ATHENS, Greece – Massive wildfires in Greece were "generally receding" on Wednesday, fire authorities said, as anger rose over the government's handling of the catastrophic blazes that have seared vast stretches of countryside and killed at least 64 people.
The fires are dominating political debate ahead of Sept. 16 general elections. Criticism that the government failed to respond fast enough — and its suggestions the fires resulted from an organized attack — could hurt Prime Minister Costas Karamanlis.
Foreign firefighters and aircraft joined in battling the blazes, which first broke out Thursday and burned nearly 500,000 acres in the first three days, leaving blackened tree trunks, gutted houses and dead livestock.
Firefighting efforts Wednesday remained concentrated on the island of Evia and western Peloponnese peninsula. But fire department spokesman Nikos Diamandis said all major blazes were "generally receding."
"There is a serious danger for the next several days that fires will rekindle, so major firefighting resources will remain deployed," he said.
Most of the firefighters sent by 21 countries were operating in the Peloponnese, the fire department said.
The fires have devastated and infuriated many Greeks, who already had been stunned by deadly forest fires in June and July.
"We have been destroyed, we have nothing left," cried 76-year-old Katerina Andonopoulou, trudging from the edge of Ancient Olympia to her wrecked house in the nearby village of Platano. "Who will help us now?"
Many complained of an inadequate effort by the conservative government to confront the latest disaster.
A nationwide opinion poll conducted Aug. 26-27 indicated support for the conservatives had slipped by 1.6 points in the last week, to 35.2 percent — still 2 points ahead of main opposition Socialist Party.
The MRB survey for private Alpha television, announced late Tuesday, projected bolstered support for three smaller opposition parties, suggesting a slim majority for Karamanlis' conservatives, who had 164 deputies in the last 300-seat parliament.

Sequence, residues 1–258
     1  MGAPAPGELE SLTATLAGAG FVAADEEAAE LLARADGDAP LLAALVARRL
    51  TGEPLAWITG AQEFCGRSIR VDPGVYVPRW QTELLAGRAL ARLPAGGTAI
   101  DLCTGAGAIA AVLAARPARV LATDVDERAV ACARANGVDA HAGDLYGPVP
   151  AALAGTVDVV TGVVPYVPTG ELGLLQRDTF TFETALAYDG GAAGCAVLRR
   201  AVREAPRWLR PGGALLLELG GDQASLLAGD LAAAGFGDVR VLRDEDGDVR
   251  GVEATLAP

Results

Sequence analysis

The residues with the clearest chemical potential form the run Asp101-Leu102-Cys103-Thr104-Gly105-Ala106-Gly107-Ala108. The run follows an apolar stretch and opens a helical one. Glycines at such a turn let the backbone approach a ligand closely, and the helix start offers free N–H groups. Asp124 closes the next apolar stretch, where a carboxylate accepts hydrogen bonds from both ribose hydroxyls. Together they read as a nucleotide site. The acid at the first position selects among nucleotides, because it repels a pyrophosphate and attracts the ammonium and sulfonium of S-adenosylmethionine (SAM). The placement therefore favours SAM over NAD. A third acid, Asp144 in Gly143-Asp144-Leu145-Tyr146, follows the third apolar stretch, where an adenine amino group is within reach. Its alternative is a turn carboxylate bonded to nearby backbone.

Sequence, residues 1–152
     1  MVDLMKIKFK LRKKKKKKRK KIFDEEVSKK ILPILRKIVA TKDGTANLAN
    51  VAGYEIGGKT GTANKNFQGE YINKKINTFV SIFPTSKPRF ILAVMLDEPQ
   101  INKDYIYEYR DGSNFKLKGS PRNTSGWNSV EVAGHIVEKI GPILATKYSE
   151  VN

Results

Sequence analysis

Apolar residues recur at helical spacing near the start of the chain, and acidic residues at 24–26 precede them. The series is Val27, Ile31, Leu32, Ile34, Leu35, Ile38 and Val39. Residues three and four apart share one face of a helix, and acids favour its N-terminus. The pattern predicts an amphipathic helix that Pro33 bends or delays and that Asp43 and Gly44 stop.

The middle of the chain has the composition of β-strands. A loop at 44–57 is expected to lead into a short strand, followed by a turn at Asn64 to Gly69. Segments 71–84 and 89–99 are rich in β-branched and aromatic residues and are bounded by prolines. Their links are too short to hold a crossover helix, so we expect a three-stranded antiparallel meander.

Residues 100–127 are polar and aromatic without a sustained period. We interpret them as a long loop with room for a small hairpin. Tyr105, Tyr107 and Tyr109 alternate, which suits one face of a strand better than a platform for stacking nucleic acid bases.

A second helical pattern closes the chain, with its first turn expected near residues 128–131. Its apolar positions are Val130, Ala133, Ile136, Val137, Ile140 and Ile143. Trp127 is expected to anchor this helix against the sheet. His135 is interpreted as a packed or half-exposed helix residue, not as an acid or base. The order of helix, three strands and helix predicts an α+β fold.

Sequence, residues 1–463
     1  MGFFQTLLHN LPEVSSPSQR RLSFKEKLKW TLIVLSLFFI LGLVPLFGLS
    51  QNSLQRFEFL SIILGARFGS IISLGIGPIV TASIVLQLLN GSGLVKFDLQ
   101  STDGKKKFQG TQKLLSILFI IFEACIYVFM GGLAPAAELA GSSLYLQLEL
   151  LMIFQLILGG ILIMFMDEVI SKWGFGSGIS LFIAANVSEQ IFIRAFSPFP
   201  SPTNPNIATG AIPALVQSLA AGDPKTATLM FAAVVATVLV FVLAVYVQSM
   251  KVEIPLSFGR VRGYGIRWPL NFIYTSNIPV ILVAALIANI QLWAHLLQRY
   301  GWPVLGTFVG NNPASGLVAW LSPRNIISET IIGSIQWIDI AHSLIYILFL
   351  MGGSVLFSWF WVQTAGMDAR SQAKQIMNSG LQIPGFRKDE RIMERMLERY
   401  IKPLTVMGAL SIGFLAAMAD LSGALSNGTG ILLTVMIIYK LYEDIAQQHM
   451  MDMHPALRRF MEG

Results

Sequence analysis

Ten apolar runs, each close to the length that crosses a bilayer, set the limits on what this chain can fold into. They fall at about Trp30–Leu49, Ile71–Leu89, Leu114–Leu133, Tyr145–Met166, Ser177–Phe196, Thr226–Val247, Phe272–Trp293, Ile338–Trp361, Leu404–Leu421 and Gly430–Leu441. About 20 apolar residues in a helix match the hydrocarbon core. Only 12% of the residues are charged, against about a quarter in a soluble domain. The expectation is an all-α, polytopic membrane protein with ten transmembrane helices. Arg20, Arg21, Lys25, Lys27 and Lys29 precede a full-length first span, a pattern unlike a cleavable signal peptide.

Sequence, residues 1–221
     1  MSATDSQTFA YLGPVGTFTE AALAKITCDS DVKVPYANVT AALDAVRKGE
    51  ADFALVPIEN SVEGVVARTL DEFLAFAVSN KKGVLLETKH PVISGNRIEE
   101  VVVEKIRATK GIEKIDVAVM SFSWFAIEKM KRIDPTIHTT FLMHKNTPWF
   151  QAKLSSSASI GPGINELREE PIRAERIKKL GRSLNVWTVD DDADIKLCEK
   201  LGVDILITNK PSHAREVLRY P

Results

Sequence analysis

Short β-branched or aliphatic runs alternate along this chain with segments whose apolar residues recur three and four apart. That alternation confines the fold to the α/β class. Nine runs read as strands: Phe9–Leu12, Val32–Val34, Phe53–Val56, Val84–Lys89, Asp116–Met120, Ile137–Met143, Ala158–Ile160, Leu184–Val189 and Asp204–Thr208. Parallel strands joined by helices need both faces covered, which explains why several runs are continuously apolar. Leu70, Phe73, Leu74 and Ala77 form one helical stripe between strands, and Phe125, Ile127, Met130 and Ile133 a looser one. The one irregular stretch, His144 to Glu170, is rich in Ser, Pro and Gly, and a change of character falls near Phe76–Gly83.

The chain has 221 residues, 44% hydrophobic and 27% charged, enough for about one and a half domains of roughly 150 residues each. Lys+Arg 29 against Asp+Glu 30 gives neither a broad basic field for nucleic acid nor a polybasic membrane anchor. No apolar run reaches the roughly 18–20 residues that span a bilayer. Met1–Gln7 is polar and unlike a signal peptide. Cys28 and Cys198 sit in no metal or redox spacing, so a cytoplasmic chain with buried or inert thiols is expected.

The survey of 1,309 adults had a margin of error of plus or minus 2.55 percentage points.
Karamanlis declared a nationwide state of emergency Saturday, and the government rushed to prepare financial relief measures for thousands of homeless fire victims. It budgeted some $410 million for immediate relief, although the bill is sure to go higher, the Finance Ministry said.
According to the European Union, nearly 455,000 acres of forest, orchards and scrubland were burned from Thursday through Sunday, raising Greece's fire toll for the year so far to about 664,000 acres. The previous worst year was 2000, when around 358,000 acres were blackened around Greece.
"It is at times like these that a society must show its solidarity," the prime minister said. "At this time, all Greeks must be united."
But critics said authorities' response to the crisis was disorganized.
The government "has been woefully unable to deal with the major issue of the fires all summer," said George Papandreou, the main opposition socialist leader. "Unfortunately, it didn't even manage to save people's lives, their property and their homes."
The government's suggestions that the fires were the result of an organized plan of arson caused confusion and drew criticism.
Public Order Minister Vyron Polydoras implied Sunday that a deliberate plan was in motion.
"We can say that this truly constitutes an asymmetric threat," he said without elaborating. He said Greece's National Intelligence Service and police's anti-terrorism division had joined the investigation.
But Socialist party spokesman Yiannis Ragoussis accused the government of "trying to create a Sept. 11 type of climate" by implying Greece was facing a terrorist threat. "It is in fact a communications strategy" for election day, he said.
The political squabbling drew an indirect barb from President Karolos Papoulias.
"It is a national tragedy," Papoulias said. "We all know this, and it is the duty of all of us in these times to show maturity, to face this tragedy."